No hedge fund was more successful in a volatile 2007 than Paulson & Co., which was up an amazing 435% on the year even as the average hedge fund returned a paltry 10.5%.
Formed by ex-
trader John Paulson in the early '90s, Paulson bet that the subprime market would collapse in 2007 and shorted a large part of the ABX subprime mortgage index.
Reports suggested that Paulson netted anywhere from $12 billion to as much as $20 billion in profits in 2007.
Paulson and his investors profited enormously as the subprime market collapsed and as other hedge funds -- such as
Sowood-Capital-Management -- lost over 50%.
Here at Stockpickr, we actively track
Paulson Capital's portfolio to see what ideas it might be considering next.
One of Paulson's main positions is
. Hologic is a maker of medical appliances and equipment that caters to the baby boomers. Part of Paulson's investment thesis is a slowing economy and possible recession, but if that happens, investors typically flock to these defensive names, because their earnings are generally immune from economic problems.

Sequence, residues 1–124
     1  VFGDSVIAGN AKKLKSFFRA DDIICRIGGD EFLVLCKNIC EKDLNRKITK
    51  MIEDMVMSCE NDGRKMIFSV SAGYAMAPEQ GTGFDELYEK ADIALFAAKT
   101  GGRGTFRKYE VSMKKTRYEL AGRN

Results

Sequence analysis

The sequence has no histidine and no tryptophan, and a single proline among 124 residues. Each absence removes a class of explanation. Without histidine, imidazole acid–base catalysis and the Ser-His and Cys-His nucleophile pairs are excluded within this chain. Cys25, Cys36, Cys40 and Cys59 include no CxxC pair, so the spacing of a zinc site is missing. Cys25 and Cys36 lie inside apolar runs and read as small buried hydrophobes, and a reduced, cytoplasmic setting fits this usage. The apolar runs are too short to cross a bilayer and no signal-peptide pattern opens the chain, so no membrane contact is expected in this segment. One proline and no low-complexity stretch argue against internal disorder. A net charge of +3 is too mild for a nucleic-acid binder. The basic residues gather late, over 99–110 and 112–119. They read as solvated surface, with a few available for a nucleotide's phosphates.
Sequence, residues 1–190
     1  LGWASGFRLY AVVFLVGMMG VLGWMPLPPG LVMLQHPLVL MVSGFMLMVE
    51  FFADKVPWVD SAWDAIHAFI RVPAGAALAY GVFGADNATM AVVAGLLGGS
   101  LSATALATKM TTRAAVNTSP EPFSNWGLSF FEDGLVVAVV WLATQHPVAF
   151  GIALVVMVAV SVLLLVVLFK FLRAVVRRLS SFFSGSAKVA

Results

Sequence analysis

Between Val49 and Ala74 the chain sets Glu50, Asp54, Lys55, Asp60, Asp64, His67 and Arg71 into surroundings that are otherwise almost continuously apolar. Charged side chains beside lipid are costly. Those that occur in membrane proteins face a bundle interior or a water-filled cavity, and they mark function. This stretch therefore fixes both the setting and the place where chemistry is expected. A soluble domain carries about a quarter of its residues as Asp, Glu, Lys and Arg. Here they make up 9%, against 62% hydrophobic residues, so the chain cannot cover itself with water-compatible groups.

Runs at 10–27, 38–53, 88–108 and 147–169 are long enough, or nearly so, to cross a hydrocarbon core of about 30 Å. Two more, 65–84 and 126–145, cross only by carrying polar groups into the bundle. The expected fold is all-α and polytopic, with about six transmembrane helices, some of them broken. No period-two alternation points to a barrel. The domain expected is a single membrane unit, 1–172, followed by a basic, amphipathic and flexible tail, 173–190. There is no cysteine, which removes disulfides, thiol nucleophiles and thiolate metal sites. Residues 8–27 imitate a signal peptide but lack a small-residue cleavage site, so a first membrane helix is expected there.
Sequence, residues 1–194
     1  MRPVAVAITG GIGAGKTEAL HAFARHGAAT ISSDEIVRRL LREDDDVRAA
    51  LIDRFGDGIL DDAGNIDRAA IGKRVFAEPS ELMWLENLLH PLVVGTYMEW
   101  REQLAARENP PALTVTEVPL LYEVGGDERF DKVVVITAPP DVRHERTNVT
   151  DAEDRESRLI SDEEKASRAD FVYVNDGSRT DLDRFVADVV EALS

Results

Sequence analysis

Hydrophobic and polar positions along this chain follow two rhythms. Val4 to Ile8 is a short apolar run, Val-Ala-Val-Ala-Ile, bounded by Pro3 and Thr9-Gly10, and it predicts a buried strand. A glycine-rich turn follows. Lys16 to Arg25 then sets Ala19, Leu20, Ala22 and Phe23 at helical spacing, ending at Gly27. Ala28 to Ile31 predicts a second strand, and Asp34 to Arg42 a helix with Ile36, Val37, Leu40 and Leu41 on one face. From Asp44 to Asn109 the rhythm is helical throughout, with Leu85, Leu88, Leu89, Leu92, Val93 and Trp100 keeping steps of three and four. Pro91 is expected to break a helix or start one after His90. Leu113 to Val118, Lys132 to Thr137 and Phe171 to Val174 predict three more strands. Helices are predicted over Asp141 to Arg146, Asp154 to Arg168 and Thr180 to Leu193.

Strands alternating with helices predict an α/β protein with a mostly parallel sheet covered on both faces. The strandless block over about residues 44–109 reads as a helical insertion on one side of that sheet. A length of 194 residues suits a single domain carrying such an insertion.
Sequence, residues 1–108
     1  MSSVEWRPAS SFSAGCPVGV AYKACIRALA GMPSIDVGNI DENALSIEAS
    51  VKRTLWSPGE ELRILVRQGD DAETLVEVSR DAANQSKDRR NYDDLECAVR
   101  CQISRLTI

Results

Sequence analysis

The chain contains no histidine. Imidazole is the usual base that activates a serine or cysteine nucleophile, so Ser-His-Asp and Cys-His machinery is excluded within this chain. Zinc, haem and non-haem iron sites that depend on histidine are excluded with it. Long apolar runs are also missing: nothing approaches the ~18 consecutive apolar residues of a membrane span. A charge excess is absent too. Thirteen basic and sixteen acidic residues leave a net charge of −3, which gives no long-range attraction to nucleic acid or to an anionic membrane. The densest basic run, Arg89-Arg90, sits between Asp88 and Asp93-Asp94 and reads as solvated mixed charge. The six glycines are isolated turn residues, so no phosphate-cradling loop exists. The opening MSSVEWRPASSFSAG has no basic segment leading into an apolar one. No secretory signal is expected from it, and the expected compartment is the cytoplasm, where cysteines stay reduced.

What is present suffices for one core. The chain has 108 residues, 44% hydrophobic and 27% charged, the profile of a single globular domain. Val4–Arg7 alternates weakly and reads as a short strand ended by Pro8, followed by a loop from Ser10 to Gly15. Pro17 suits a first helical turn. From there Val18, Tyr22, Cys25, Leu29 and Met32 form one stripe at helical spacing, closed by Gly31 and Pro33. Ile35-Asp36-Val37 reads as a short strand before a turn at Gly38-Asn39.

Recent acquisitions and a large secondary offering still have to be worked through. But with $100 million in cash, $10 million in debt, a PEG ratio of 1.2 and great growth prospects, Hologic is one stock to own no matter how the economy fares.
Paulson also owns
. Mirant produces and sells electricity and also offers platforms to trade and hedge against electricity. Paulson is making a bet on clean energy, specifically electricity.
Fundamentally, Mirant is very interesting. Back in November, Mirant decided to not put itself up for sale but rather return $4.6 billion to shareholders. Looking back, this was a great move by the company, as the current credit markets would have limited the potential sale-price premium.
Instead, the company announced that it would accelerate its buyback to $1 billion and another $1 billion for open market purchases. As trading volumes increase across all exchanges, and with a decrease in shares, Mirant's earning per share is locked in for '08. It also has a 20% short position.
Paulson also owns
, which just beat earnings per share by 3 cents. Alcoa has a PEG ratio of 1.05.
, an offshore driller with a 15% short position, also appears in Paulson's portfolio.
To check out the entire portfolio, which includes Alcoa,
James Altucher is president of
LLC, a wholly owned subsidiary of TheStreet.com and part of its network of Web properties, and a managing partner at Formula Capital, an alternative asset management firm that runs a fund of hedge funds. He is also a weekly columnist for the
and the author of
Trade Like a Hedge Fund
Trade Like Warren Buffett
. Under no circumstances does the information in this column represent a recommendation to buy or sell stocks. Altucher appreciates your feedback;
to send him an email.
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